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The dam truth: Climate change means more Lake Orovilles

Just two years ago, Lake Oroville was so dry that submerged archaeological artifacts were starting to resurface. That was in the middle of California’s epic drought — the worst in more than a millennium.

And then the rains came. This winter is on track to become Northern California’s soggiest on record. A key precipitation index is running more than a month ahead of the previous record pace, set in the winter of 1982–1983 (records go back to 1895). Lake Oroville is so full that it spilled over for the first time, spurring evacuations downstream.

California’s climate has always been extreme (even before humans got seriously involved), but what’s happening right now is just ridiculous. We are witnessing the effects of climate change play out, in real time.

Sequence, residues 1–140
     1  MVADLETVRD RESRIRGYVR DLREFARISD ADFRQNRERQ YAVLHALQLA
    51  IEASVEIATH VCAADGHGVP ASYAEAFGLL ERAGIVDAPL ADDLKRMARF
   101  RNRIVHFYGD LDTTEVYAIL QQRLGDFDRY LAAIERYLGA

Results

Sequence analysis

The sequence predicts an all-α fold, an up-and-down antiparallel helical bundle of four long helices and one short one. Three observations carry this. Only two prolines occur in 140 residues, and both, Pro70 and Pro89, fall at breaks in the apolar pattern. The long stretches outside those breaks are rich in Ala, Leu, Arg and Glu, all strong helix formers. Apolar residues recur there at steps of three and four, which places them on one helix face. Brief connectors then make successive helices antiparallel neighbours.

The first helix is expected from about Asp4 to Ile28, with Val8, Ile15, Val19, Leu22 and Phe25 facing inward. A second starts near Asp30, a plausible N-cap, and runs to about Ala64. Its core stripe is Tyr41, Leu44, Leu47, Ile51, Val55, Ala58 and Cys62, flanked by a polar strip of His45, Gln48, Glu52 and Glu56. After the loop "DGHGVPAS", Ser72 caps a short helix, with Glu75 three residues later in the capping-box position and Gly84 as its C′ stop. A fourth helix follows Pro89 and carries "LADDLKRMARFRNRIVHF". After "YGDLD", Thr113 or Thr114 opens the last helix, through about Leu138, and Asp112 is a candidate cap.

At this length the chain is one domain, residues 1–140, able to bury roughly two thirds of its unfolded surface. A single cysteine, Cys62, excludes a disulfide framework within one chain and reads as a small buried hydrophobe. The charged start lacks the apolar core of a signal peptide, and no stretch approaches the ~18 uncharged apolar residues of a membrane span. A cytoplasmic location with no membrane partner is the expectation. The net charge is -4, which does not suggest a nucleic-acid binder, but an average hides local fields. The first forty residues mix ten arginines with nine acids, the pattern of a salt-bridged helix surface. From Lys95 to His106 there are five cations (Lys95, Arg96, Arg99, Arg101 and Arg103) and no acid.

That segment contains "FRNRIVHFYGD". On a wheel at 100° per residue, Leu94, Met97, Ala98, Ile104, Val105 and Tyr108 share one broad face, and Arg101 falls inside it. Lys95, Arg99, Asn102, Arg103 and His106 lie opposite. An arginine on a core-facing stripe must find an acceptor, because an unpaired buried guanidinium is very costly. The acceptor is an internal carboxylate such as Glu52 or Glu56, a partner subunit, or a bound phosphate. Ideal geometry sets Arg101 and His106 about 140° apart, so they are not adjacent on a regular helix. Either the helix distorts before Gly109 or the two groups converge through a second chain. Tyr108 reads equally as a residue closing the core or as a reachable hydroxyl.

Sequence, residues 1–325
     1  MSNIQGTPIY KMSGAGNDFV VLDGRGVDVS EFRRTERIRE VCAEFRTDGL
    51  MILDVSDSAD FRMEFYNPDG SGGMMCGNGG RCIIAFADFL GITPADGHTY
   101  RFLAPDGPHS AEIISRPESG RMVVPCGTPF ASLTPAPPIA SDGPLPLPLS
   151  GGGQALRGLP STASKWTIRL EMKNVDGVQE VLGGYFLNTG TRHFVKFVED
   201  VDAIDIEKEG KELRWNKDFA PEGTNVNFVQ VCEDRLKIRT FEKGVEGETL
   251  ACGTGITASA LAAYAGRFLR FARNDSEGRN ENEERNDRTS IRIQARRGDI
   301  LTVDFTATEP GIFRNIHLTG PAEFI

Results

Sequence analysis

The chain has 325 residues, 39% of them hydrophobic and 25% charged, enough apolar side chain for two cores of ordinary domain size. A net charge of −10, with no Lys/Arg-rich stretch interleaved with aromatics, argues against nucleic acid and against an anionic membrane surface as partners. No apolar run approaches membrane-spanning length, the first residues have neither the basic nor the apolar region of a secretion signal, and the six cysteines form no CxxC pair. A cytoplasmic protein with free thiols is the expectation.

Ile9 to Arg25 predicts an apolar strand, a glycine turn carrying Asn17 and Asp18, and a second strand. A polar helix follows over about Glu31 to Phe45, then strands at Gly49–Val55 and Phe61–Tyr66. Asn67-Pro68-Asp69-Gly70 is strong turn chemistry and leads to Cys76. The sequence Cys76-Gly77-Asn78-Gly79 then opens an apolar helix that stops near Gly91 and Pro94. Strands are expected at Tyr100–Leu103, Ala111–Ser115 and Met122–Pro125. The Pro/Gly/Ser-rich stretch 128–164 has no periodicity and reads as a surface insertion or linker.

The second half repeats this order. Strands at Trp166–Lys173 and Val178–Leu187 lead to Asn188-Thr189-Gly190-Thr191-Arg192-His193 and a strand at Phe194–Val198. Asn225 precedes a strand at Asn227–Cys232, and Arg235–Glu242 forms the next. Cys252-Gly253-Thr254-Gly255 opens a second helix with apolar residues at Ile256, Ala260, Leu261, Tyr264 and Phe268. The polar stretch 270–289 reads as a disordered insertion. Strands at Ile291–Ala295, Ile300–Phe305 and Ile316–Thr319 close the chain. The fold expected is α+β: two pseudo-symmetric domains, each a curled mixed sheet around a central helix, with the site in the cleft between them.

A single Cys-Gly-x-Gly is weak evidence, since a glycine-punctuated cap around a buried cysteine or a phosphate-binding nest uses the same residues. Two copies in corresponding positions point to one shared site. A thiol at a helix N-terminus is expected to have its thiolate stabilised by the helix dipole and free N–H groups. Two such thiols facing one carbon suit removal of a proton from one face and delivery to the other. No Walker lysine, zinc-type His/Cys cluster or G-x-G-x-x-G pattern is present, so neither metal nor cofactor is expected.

California Department of Water Resources

Lake Oroville is as full as it has ever been, and remains vulnerable: We’re still in the peak of the rainy season, and more rain is on the way. On Tuesday and Wednesday, crews at the beleaguered dam worked around the clock to stabilize and reinforce the emergency spillway in anticipation of a fresh torrent of rainfall. But the scale of action — truck after truck of giant boulders dumping 1,200 tons of rock per hour — was small in comparison to the immense scale of erosion that has already taken place. There’s a real risk that the lake could spill over the top a second time.

And it’s not just Oroville. Major reservoirs ring the Central Valley, and nearly every one is full, or nearly so, as the Sacramento Bee reported earlier this week. Several levees statewide are seeping, and workers intentionally breached one along the Mokelumne River in Northern California over the weekend to relieve pressure. The levee system was simply not designed to be this stressed for extended periods of time.